Those are the real factors to consider when thinking about learning a new language. Even if French is considered one of the easier second languages for English speakers, it also need to consider your consistency with what I call the Big 5 of Language Learning:
When you optimize your activities with the Big 5, everything about learning French will get much, much easier.
The 5 Most Difficult Components of the French Language
The most difficult aspect of learning a language like French is avoiding bad advice.
For example, some language learning gurus will tell you to not use a dictionary, or they will suggest that you should only memorize vocabulary in context.
Although there is a context dependent advantage in many respects, you hardly need to always memorize colors, days of the week, months and a host of other words along with phrases. Doing so can slow your progress incredibly.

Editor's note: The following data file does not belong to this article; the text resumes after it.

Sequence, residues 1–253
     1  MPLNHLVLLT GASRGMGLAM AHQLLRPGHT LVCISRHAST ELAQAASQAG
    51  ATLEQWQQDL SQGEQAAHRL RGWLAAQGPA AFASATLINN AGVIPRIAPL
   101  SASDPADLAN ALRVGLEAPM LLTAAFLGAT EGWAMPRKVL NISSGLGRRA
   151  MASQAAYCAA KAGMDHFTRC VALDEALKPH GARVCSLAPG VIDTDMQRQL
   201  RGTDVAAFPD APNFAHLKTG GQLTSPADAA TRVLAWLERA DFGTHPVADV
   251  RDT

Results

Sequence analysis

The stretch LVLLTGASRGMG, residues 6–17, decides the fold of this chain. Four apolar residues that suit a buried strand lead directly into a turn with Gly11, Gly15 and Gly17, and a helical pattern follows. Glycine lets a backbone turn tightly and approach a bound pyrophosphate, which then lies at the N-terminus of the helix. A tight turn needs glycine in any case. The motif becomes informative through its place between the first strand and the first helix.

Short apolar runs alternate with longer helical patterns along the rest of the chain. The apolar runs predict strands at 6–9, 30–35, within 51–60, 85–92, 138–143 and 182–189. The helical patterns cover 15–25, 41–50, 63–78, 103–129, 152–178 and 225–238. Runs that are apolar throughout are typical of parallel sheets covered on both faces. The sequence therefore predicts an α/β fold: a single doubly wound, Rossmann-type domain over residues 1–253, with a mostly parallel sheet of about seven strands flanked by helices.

In this respect, it definitely makes sense to memorize directly from a dictionary at least some of the time. When I’m learning a language, I often carry a physical dictionary around with me. It’s very effective for getting in lots of spaced repetition with example sentences.
When it comes to the language itself, here are some things to watch out for and focus on.
Both continental French, Quebecois and the many variations around the world include a mixture of highly melodic sounds with sometimes guttural pronunciations.